As more pieces of our lives move online, new questions present themselves as we become incapacitated or walk on.
Have you given any thought to who gets your digital music library? Or, if you do all of your banking online, will your guardian/conservator be able to access those accounts and records to take over paying your bills?
The Fiduciary Access to Digital Assets Act, a uniform law now enacted by most U.S. states, was passed in Michigan in 2016. Its aim is to allow fiduciaries (guardian/conservator, trustee, or executor) access to “digital assets” while respecting an individual’s reasonable expectation of privacy in related communications, like email and electronic messages.
This law might be most important to you at present if you are named as a “fiduciary” and need to access such digital information.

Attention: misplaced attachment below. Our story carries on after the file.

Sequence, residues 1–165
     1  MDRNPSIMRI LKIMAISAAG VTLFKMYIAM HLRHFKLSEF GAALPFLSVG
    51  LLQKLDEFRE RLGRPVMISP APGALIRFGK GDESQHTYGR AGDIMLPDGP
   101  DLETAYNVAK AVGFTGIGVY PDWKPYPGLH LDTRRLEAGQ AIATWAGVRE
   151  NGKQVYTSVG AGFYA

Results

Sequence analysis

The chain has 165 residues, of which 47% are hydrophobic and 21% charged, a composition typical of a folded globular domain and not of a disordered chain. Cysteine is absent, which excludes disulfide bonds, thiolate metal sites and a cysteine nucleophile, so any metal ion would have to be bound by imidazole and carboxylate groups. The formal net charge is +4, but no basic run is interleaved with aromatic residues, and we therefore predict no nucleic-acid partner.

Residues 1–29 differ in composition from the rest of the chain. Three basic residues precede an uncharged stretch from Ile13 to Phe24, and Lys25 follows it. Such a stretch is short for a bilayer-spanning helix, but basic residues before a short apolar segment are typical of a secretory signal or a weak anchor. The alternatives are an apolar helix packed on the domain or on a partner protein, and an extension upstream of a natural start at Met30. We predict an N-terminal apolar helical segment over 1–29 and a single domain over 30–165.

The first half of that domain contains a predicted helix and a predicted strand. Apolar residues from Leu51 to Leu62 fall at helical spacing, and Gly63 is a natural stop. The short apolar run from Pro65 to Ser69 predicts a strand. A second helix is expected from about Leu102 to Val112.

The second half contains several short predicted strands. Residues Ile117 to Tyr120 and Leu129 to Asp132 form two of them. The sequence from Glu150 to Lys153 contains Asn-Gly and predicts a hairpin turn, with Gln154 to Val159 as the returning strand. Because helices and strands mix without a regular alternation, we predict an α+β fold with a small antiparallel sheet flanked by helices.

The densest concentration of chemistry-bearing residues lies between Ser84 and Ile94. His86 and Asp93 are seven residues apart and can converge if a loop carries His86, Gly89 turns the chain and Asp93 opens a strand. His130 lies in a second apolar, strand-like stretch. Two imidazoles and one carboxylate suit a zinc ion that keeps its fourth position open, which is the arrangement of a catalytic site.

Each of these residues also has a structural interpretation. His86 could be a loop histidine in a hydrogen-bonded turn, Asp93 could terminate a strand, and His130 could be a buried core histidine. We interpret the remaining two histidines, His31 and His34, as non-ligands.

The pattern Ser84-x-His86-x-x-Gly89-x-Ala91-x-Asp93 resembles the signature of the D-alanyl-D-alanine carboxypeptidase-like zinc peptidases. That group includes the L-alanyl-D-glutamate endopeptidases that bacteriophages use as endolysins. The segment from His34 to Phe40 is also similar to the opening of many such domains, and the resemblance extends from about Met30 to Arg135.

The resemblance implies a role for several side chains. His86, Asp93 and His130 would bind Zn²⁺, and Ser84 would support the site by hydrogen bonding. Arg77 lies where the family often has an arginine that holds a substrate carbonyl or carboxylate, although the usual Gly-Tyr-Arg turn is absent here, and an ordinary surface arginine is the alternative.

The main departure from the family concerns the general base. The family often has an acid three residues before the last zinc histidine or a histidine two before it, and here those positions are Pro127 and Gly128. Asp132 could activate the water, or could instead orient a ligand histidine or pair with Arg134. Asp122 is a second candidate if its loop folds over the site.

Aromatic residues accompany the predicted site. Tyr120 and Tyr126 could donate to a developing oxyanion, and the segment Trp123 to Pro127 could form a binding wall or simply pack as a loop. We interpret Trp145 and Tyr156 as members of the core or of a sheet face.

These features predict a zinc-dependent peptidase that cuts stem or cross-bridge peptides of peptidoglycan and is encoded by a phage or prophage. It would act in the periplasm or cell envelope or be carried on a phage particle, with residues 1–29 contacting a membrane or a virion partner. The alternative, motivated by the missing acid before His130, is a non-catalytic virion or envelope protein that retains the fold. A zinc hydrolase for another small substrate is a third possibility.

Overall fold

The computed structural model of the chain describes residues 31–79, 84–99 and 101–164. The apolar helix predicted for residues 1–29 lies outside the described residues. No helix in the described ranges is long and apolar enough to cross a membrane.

What are “digital assets?” The Act defines them as “an electronic record in which an individual has a right or interest.” Think electronic – especially electronic-only – bank accounts, investments, digital music, videos, social media accounts, etc. Neither the act nor the definition give a fiduciary any more ownership or control over an underlying asset – the money in the bank account, for instance – than that representative already possessed. And of course there are platforms and accounts that we have not yet imagined that should be captured by the provisions of this act.
This Act might also prompt you to think about this issue: should your will direct your executor to close (and delete?) all of your social media accounts following your demise? Do you own any cryptocurrency (Bitcoin, Ether or Qtum)?
As we go digitally deeper, consider this from two angles: first, which of your digital assets do you want to make sure your spouse, your executor or your children have access to? Which accounts might you want to make sure no one has access to? Second, might you be a fiduciary for someone else? If so, will you need access to their electronic accounts and records? You might want to talk with them about it.